Feeds

Ex-AMD exec called own company 'pathetic'

And Intel would like you to know it

Security for virtualized datacentres

Intel has dropped a stink bomb into its ongoing dust-up with the US Federal Trade Commission over allegations of anticompetitive practices, revealing a 2004 communication in which AMD's then-top salesman referred to his own company as "pathetic" and said he "would never buy AMD for a personal system if I wasn't workin here."

The AMD honcho who authored those damning words was chief sales and marketing officer Henri Richard, whose departure was announced in August 2007 and described as being "on completely amicable terms."

Richard's unusual candor was quoted in a 25-page Intel filing (PDF) with the FTC on December 31, 2009, but only now made public.

The tone of Intel's argument against the FTC's charges is summed up by its opening sentence: "The Complaint paints a picture of competition for microprocessors and graphics products that bears little resemblance to reality."

Although Intel settled its legal wrangling with AMD last November for a cool $1.25bn - which AMD quickly used to pay down a good chunk of its massive debt - the FTC leveled a complaint against Chipzilla in mid-December, alleging that the world's largest microprocessor manufacturer "has illegally used its dominant market position for a decade to stifle competition and strengthen its monopoly."

Intel, as might be imagined, disagrees. "The Complaint seeks to characterize Intel as a technological laggard in microprocessors, a claim that disregards the facts disclosed in AMD's own documents in the Commission's records," Intel's filing reads. "AMD itself considered Intel to be the technology leader."

Intel offers Richard's statements as proof:

In 2004, AMD Executive Vice President Henri Richard, the company's highest ranking sales executive, declared internally that "If you look at it, with an objective set of eyes, you would never buy AMD. I certainly would never buy AMD for a personal system if I wasn't workin here."

Mr. Richard described AMD as "pathetic" for "selling processors rather than platforms [as Intel did] and exposing a partial story, particularly in the commercial segment, that is clearly inferior to Intel's, if we want to be honest with ourselves." He added that AMD is saddled with a reputation that "we're cheap, less reliable, lower quality consumer type product."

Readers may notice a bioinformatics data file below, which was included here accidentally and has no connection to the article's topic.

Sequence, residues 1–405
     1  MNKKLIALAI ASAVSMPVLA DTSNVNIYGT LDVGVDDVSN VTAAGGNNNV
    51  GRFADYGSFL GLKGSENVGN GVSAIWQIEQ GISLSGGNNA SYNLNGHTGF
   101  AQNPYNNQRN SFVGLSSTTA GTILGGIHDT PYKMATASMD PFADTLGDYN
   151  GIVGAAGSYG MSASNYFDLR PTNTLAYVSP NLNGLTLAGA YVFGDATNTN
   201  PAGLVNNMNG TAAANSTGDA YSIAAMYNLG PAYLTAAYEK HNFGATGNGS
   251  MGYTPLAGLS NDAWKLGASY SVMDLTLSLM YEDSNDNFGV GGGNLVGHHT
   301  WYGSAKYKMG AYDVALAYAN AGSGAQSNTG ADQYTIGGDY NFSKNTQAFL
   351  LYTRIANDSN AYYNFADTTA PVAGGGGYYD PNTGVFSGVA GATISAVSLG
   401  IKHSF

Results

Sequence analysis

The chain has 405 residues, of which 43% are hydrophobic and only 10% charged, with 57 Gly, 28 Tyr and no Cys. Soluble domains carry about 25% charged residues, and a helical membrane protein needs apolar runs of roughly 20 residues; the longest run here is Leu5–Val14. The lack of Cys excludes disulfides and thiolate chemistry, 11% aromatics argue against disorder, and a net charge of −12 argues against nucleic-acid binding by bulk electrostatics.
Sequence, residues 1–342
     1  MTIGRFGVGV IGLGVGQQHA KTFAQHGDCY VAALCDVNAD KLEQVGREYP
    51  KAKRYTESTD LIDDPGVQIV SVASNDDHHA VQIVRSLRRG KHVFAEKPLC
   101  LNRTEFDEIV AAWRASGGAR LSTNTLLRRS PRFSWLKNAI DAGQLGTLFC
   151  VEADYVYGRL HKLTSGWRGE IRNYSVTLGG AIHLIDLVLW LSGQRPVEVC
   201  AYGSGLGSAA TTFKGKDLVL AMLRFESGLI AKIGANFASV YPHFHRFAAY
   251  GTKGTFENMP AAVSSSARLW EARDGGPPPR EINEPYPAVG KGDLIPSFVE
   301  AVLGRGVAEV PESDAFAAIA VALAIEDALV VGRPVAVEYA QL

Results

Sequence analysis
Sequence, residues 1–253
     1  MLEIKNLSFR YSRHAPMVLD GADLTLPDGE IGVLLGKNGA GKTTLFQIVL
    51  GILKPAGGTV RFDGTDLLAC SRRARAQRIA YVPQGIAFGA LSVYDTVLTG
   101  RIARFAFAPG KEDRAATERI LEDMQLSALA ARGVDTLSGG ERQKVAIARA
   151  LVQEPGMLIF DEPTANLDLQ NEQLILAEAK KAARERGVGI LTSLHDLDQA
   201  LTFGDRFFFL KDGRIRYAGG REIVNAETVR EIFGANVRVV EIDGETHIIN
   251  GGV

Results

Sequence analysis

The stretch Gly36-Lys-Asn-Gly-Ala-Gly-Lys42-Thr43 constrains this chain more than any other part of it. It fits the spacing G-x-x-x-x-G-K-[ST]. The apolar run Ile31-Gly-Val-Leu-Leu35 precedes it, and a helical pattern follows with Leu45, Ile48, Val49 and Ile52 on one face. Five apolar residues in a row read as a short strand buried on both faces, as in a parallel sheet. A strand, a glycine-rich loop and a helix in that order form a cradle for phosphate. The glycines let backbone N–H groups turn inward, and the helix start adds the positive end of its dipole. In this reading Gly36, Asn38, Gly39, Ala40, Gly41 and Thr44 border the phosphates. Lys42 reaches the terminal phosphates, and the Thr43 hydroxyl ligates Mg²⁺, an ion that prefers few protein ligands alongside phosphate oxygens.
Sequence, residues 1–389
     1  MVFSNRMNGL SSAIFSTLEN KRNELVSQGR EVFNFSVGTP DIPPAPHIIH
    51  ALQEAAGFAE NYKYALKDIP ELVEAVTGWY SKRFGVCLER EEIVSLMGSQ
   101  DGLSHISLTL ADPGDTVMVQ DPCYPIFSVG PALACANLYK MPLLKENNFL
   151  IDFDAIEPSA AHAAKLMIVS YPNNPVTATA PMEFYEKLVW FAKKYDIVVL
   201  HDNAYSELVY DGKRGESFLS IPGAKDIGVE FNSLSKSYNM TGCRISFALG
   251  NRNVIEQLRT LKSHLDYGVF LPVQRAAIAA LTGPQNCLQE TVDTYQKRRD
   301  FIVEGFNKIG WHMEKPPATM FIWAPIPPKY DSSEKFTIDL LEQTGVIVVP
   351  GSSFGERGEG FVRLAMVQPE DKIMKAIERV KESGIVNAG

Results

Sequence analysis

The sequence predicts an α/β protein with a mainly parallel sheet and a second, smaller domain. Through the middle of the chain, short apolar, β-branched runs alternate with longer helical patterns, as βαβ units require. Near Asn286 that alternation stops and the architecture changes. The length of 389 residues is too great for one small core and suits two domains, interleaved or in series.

The filing goes on to argue that "AMD's inability to execute was a recurring problem," that "it was unable to manage its supply network and failed to deliver on supply commitments to many of its customers," and that its "acquisition of Dell as a customer, rather than bringing added success to the company, marked the beginning of a backward slide."

According to the Intel filing, it wasn't anticompetive practices that harmed AMD. "AMD alienated loyal customers, prompting them to switch business to Intel."

In other words, Intel argues, if AMD found itself in a world of hurt, it was because they brought it upon themselves. ®

New hybrid storage solutions

More from The Register

next story
Apple iPhone 6: Missing sapphire glass screen FAIL explained
They just cannae do it in time, says analyst
Slap my Imp up: Bullfrog's Dungeon Keeper
Monsters need to earn a living too
Oh noes, fanbois! iPhone 6 Plus shipments 'DELAYED' in the UK
Is EMBIGGENED Apple mobile REALLY that popular?
Apple's big bang: iPhone 6, ANOTHER iPhone 6 Plus and WATCH OUT
Let's >sigh< see what Cupertino has been up to for the past year
The Apple Watch and CROTCH RUBBING. How are they related?
Plus: 'NostrilTime' wristjob vid action
Apple's SNEAKY plan: COPY ANDROID. Hello iPhone 6, Watch
Sizes, prices and all – but not for the wrist-o-puter
Apple Pay is a tidy payday for Apple with 0.15% cut, sources say
Cupertino slurps 15 cents from every $100 purchase
prev story

Whitepapers

Providing a secure and efficient Helpdesk
A single remote control platform for user support is be key to providing an efficient helpdesk. Retain full control over the way in which screen and keystroke data is transmitted.
Top 5 reasons to deploy VMware with Tegile
Data demand and the rise of virtualization is challenging IT teams to deliver storage performance, scalability and capacity that can keep up, while maximizing efficiency.
Reg Reader Research: SaaS based Email and Office Productivity Tools
Read this Reg reader report which provides advice and guidance for SMBs towards the use of SaaS based email and Office productivity tools.
Security for virtualized datacentres
Legacy security solutions are inefficient due to the architectural differences between physical and virtual environments.
Secure remote control for conventional and virtual desktops
Balancing user privacy and privileged access, in accordance with compliance frameworks and legislation. Evaluating any potential remote control choice.